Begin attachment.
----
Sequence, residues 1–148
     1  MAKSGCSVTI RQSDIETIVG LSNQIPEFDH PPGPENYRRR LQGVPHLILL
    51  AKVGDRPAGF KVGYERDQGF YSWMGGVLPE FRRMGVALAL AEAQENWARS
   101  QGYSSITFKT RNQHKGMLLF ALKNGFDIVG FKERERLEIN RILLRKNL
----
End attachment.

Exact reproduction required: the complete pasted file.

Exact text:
Sequence, residues 1–148
     1  MAKSGCSVTI RQSDIETIVG LSNQIPEFDH PPGPENYRRR LQGVPHLILL
    51  AKVGDRPAGF KVGYERDQGF YSWMGGVLPE FRRMGVALAL AEAQENWARS
   101  QGYSSITFKT RNQHKGMLLF ALKNGFDIVG FKERERLEIN RILLRKNL